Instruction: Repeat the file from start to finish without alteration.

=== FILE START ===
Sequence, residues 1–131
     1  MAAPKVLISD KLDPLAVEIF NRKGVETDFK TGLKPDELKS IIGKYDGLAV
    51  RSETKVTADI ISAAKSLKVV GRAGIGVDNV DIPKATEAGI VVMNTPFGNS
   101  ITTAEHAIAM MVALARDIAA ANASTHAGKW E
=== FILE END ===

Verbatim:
Sequence, residues 1–131
     1  MAAPKVLISD KLDPLAVEIF NRKGVETDFK TGLKPDELKS IIGKYDGLAV
    51  RSETKVTADI ISAAKSLKVV GRAGIGVDNV DIPKATEAGI VVMNTPFGNS
   101  ITTAEHAIAM MVALARDIAA ANASTHAGKW E